I do wonder about the lack of synthesis. Here in the U.S. I think that our universities ENCOURAGE a lack of synthesis. Not only are the academic subjects/majors confined within a prescribed path, but the schools/universities go so far as to have seperate buildings for separate fields of study. A student may never understand the potential to connect, say, a study in anthropology with a study in evolution. There are connections to be made, but they may never be recognized. How many syntheses may go undiscovered because of this? Do the corporate and academic heads not want us to be able to synthesize fields, to think across a spectrum, because they may point to problems and solutions which go against the grain of "normality?"

No, they want us thinking in black and white. Good guys vs. bad guys, us vs. them. This is just my speculative opinion, of course.

I hope you are getting by OK as well.

"And the strict master Death bids them dance."

Holden

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Re: Spinal Catastrophism
« Reply #11 on: November 16, 2020, 02:40:20 pm »
Nice to see your message,Mr. Silenus.

I find this world very ugly. People who slave their whole lives away, seem to have just one wish-produce more slaves for the system.Unlike Che, I feel no kinship with the working class.

They think their child will be the millionaire they could never be.But it hardly ever works out.The kid grows up and become a slave and shifts all the  hopes and dreams over to his own child.

Paul writes as if he expects Jesus to come back in his lifetime. He seems  disappointed that his friends are dying and yet Jesus has not returned yet.Its the same thing with the parents who want to have a kid ,because, HE will finally cure cancer.
(But what if the child IS the cancer?)

Take care.


La Tristesse Durera Toujours                                  (The Sadness Lasts Forever ...)
-van Gogh.

Silenus

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A Vast Pit of Fertilizer (for Holden)
« Reply #12 on: November 24, 2020, 09:00:56 am »
"...Creation is a nightmare spectacular taking place on a planet that has been soaked for hundreds of millions of years in the blood of all creatures. The soberest conclusion that we could make about what has actually been taking place on the planet for about three billion years is that it is being turned into a vast pit of fertilizer. But the sun distracts our attention, always baking the blood dry, making things grow over it, and with its warmth giving the hope that comes with the organism’s comfort and expansiveness."

 - Ernest Becker

"And the strict master Death bids them dance."

Ibra

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Re: Spinal Catastrophism
« Reply #13 on: November 24, 2020, 11:49:16 pm »
Thanks, Silenus, for posting this quote.
I remember when reading Ernest Becker "Denial of Death" I was almost highlighting every passage of his book, what a lucid prose he can muster!

more seminal works of synthesis I came across
- Persuasion and Rhetoric by Carlo Michelstaedter  (mentioned here elsewhere)
- The Origin of Consciousness in the Breakdown of the Bicameral Mind by Julian Jaynes
-  Empire V, a novel by Viktor Pelevin.  firs part he discusses his theory of  "Glamour vs Discourse" to explain the modern consumerist society and culture. here is a related video on the same theme.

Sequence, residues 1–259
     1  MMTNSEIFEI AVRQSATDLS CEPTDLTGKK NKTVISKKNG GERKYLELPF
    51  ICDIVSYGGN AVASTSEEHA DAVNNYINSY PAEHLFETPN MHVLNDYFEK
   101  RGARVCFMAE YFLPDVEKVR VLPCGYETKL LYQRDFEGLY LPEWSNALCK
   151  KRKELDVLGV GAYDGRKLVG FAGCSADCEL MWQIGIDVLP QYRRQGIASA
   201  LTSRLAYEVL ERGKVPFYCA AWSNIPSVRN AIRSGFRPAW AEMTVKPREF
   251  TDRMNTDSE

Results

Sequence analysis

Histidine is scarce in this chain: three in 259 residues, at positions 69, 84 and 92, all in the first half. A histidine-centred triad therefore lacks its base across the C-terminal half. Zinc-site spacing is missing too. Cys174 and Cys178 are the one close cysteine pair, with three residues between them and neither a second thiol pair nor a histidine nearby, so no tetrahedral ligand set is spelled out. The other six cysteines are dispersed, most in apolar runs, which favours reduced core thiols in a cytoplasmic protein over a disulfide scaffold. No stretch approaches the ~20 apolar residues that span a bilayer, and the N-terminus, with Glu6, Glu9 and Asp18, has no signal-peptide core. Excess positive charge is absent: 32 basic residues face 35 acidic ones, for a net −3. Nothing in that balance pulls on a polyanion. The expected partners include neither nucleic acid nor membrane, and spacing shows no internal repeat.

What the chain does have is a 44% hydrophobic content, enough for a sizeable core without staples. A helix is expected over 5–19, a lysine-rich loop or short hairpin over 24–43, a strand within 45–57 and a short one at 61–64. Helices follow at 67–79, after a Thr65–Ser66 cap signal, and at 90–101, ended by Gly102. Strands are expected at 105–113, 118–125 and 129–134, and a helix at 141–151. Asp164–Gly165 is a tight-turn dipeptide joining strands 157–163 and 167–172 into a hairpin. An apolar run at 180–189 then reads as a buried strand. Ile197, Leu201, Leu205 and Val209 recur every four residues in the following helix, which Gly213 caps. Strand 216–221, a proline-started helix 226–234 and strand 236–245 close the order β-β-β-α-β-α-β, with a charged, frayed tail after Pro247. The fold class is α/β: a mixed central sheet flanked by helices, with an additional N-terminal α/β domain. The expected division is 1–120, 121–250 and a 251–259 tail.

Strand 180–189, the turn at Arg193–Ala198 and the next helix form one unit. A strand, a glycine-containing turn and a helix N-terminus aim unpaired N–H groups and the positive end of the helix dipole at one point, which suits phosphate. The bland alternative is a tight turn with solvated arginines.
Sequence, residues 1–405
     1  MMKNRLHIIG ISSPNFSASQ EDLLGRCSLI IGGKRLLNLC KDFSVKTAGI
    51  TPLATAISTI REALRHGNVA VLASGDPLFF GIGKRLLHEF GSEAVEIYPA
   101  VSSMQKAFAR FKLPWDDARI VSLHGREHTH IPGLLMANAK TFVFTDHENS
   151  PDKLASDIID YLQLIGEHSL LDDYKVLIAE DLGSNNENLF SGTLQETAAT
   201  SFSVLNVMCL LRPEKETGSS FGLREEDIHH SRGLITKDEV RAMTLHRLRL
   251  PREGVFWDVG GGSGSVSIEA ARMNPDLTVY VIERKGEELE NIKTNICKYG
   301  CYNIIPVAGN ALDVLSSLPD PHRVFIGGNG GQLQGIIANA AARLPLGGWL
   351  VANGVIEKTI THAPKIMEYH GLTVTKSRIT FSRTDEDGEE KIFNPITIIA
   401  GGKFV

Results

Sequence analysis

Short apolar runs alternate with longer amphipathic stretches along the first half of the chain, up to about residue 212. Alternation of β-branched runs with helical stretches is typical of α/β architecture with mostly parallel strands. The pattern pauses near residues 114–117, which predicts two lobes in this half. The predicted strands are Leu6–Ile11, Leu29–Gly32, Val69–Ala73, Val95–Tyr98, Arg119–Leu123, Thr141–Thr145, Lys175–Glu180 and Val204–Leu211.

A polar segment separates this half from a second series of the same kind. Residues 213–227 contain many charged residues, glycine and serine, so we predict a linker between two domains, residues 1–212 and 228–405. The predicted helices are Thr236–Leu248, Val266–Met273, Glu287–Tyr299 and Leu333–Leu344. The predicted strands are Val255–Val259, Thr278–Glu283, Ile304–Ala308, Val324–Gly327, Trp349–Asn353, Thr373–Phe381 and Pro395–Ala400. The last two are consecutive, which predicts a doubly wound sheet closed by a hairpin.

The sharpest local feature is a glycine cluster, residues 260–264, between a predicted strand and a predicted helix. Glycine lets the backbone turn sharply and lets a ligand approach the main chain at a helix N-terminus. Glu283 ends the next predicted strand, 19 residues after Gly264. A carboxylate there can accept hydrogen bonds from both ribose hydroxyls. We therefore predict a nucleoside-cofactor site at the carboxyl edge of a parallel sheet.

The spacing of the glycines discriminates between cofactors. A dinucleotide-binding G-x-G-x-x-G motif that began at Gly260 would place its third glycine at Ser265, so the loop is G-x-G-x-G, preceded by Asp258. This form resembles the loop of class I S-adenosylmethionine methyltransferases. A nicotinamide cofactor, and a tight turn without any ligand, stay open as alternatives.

https://www.youtube.com/watch?v=bIA2zaiPWwo



« Last Edit: November 25, 2020, 02:08:16 am by Ibra »
Suffering is the only fruit of human race

Holden

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Re: Spinal Catastrophism( For Mr.Silenus)
« Reply #14 on: November 26, 2020, 12:54:51 pm »


Mr.Silenus,

I hope you are doing well.

But the sun distracts our attention-Becker/Mr.Silenus
It reminded me of how Camus describes the Sun in The Stranger:

I knew it was a fool thing to do; I wouldn't get
out of the sun by moving on a yard or so. But I took that step, just one step, forward.
And then the Arab drew his knife and held it up toward me, athwart the sunlight.

A shaft of light shot upward from the steel, and I felt as if a long, thin blade
transfixed my forehead. At the same moment all the sweat that had accumulated in
my eyebrows splashed down on my eyelids, covering them with a warm film of
moisture. Beneath a veil of brine and tears my eyes were blinded; I was conscious
only of the cymbals of the sun clashing on my skull, and, less distinctly, of the keen
blade of light flashing up from the knife, scarring my eyelashes, and gouging into my
eyeballs.

Then everything began to reel before my eyes, a fiery gust came from the sea,
while the sky **** in two, from end to end, and a great sheet of flame poured
down through the rift. Every nerve in my body was a steel spring, and my grip closed
on the revolver. The trigger gave, and the smooth underbelly of the butt jogged my
palm. And so, with that crisp, whipcrack sound, it all began. I shook off my sweat
and the clinging veil of light. I knew I'd shattered the balance of the day, the
spacious calm of this beach on which I had been happy. But I fired four shots more
into the inert body, on which they left no visible trace. And each successive shot was
another loud, fateful rap on the door of my undoing


I have often felt like Meursault. Days,weeks go by without my having exchanged more than a few words with anyone.
People have described me,like Meursault, indifferent and without emotions.Weather here is very close to how it is in Algeria.

I am afraid I might end up like him too.

Take care.
La Tristesse Durera Toujours                                  (The Sadness Lasts Forever ...)
-van Gogh.